EU convergence monitoring hub
Latest publications on upward convergence
Convergence versus divergence
Socioeconomic convergence is at the root of the European project. The need for addressing and monitoring social convergence, alongside economic convergence, has gained particular emphasis in the European policy agenda. (See glossary definition and methodology).
The EU has achieved upward convergence in both its economic and social dimensions over recent decades. However, both the economic crisis of 2008–2013 and the impact of the COVID-19 pandemic have brought these trends to a sudden halt on some indicators, stalling patterns of convergence or causing Member States to diverge in their performance.
Diverging performance across Member States and increasing inequalities within them are a concern because this:
- defies the expectation that deepening European integration leads to growing cohesion at national and pan-European levels
- may give rise to feelings of social injustice and unfairness among citizens, fuelling anti-European sentiment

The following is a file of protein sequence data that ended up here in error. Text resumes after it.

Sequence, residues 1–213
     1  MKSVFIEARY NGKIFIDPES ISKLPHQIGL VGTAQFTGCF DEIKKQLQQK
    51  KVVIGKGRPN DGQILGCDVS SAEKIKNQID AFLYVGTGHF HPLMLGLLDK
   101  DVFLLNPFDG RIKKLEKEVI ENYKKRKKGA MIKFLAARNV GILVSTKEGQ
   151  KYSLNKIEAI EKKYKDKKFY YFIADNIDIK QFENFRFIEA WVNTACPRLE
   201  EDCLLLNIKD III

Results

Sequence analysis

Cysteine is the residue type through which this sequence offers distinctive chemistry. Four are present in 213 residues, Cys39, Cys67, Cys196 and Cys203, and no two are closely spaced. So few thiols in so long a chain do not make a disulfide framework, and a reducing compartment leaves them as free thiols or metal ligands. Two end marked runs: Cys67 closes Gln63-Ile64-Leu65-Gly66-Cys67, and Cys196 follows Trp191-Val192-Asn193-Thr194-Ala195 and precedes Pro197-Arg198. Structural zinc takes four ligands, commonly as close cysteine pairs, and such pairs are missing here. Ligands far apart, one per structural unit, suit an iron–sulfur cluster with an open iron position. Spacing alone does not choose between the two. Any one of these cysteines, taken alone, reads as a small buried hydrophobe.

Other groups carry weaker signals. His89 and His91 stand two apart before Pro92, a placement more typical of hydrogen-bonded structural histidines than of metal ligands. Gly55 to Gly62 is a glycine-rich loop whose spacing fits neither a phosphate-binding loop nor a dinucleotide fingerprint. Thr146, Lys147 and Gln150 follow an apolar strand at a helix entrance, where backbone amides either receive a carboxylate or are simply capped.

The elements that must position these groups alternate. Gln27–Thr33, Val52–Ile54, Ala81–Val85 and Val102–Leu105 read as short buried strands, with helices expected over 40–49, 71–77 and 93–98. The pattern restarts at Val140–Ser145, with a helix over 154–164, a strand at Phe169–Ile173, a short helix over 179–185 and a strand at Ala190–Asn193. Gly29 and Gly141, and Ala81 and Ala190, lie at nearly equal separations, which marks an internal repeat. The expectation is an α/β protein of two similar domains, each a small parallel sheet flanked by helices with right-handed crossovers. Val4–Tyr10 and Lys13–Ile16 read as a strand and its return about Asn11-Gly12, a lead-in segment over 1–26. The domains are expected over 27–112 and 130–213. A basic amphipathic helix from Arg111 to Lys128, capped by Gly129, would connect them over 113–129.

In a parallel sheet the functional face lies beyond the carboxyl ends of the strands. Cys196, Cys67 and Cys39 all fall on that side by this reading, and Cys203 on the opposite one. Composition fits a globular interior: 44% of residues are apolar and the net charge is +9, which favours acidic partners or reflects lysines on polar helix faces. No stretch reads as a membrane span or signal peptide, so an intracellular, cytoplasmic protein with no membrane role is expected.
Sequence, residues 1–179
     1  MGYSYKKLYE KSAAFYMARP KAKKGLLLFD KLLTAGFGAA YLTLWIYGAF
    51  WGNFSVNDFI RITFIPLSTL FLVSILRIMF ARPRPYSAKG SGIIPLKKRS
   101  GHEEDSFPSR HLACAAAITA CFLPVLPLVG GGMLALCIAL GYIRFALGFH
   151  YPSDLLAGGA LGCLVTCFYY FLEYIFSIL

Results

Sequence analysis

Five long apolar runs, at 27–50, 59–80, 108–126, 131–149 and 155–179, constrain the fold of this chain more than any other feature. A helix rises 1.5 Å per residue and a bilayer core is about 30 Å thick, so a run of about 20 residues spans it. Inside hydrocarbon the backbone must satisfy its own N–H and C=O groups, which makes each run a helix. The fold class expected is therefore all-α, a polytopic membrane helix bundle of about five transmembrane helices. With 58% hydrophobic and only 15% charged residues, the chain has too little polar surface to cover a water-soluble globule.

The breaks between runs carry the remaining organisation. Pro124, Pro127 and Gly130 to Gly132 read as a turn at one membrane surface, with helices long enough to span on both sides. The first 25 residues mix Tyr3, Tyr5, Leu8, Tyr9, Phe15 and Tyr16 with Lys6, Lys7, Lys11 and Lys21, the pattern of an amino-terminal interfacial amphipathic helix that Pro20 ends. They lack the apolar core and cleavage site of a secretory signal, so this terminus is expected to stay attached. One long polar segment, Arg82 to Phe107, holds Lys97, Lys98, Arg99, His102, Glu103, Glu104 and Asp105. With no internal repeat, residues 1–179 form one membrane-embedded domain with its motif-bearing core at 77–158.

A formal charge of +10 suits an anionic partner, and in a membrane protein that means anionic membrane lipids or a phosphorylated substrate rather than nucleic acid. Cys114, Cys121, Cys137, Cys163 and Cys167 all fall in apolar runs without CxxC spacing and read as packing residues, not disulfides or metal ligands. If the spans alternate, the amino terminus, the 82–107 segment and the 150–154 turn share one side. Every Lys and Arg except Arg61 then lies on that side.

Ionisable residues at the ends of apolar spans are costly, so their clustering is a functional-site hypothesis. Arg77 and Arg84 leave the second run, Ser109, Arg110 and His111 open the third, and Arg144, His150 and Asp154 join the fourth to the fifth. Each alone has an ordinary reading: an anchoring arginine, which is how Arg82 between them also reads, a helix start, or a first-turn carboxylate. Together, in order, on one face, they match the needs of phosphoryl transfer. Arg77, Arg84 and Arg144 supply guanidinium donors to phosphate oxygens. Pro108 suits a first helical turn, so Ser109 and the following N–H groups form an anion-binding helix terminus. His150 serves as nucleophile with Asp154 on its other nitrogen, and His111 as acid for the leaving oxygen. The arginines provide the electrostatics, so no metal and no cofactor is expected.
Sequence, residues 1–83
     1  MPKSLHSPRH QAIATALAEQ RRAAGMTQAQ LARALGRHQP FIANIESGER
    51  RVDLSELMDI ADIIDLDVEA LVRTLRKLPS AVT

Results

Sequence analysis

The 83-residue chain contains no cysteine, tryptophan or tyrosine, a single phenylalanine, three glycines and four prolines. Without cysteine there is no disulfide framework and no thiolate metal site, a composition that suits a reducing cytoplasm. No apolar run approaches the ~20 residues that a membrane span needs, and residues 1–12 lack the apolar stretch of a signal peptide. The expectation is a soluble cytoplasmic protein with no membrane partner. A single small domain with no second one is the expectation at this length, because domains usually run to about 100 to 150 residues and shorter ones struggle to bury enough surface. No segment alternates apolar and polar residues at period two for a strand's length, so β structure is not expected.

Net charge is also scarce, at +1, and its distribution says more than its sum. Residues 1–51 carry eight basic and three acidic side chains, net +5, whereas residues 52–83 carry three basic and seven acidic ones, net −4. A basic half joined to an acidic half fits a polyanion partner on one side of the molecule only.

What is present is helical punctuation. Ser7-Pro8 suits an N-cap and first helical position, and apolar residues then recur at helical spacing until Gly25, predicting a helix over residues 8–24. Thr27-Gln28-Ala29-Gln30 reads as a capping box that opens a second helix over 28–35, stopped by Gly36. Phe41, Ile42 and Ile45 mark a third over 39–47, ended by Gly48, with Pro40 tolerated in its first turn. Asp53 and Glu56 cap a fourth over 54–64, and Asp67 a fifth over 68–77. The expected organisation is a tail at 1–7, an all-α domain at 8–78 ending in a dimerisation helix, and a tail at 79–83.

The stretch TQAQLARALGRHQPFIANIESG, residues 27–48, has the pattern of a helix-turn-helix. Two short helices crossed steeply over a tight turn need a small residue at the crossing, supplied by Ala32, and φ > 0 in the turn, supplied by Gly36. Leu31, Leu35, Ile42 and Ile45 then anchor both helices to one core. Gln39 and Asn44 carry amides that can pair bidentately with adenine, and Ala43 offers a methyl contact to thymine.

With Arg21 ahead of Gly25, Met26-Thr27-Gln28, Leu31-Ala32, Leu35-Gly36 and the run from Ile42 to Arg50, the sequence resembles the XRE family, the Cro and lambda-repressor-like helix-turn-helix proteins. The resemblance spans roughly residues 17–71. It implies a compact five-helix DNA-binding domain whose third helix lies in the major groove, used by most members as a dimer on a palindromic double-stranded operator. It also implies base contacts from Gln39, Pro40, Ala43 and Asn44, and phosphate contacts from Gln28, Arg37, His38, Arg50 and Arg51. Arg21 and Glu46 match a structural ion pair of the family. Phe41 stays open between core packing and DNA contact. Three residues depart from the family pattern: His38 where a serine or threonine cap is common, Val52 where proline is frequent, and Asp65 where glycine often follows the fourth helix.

- is unsustainable from the economic point of view, especially in a monetary union.
In the context of increasing concern over divergence in how Member States are progressing, Eurofound is committed to investigating whether or not these trends signal a general lowering of living and working conditions. As part of its Programming document 2021–2024: Towards recovery and resilience, Eurofound’s research activity on promoting social cohesion and convergence aims to contribute to the policy debate on fairness and informing policies aimed at improving social cohesion and promoting convergence towards better living and working standards in the EU.
This research is focused on four areas of convergence: employment, working conditions, living conditions and socioeconomic factors. Within each of these areas, three or more dimensions are explored through a set of 37 indicators that illustrate progress in each area.
- EU convergence monitoring hub: Main findings
Research carried out prior to the UK’s withdrawal from the European Union on 31 January 2020, and published subsequently, may include data relating to the 28 EU Member States. Following this date, research only takes into account the 27 EU Member States (EU28 minus the UK), unless specified otherwise.